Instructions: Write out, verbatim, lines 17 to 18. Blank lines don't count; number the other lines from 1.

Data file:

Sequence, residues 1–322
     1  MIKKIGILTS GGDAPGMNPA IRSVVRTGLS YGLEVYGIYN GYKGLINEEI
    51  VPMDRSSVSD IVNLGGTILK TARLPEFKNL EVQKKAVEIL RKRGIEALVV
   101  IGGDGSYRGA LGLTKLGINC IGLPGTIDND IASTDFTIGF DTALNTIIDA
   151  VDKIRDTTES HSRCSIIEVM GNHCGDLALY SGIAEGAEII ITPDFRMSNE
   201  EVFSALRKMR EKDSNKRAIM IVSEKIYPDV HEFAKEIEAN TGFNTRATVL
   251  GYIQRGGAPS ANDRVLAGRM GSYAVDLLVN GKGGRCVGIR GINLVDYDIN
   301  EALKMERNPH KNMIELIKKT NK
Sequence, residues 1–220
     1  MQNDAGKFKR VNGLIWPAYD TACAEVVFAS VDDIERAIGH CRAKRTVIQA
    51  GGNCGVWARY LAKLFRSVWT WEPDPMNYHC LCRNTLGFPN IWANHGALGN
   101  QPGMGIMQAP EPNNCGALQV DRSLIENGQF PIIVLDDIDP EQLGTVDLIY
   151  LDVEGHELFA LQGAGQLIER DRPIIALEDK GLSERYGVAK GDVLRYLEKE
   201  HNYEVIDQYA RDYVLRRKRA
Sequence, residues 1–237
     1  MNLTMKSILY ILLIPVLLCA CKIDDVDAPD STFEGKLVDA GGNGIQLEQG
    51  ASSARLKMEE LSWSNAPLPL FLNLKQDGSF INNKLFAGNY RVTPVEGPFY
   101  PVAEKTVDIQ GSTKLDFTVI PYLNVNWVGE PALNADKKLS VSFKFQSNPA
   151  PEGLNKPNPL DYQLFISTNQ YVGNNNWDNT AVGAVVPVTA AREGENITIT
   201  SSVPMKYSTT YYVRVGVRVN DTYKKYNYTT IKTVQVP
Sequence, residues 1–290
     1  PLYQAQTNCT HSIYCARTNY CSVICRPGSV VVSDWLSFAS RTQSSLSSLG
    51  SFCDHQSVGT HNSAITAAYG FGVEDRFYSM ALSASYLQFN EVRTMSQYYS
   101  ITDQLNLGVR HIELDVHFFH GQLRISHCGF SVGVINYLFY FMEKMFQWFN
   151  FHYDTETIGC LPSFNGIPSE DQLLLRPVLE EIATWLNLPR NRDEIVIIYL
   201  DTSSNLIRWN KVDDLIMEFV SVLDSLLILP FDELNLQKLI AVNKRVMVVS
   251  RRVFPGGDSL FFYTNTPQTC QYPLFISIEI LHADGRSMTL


    51  ASSARLKMEE LSWSNAPLPL FLNLKQDGSF INNKLFAGNY RVTPVEGPFY
   101  PVAEKTVDIQ GSTKLDFTVI PYLNVNWVGE PALNADKKLS VSFKFQSNPA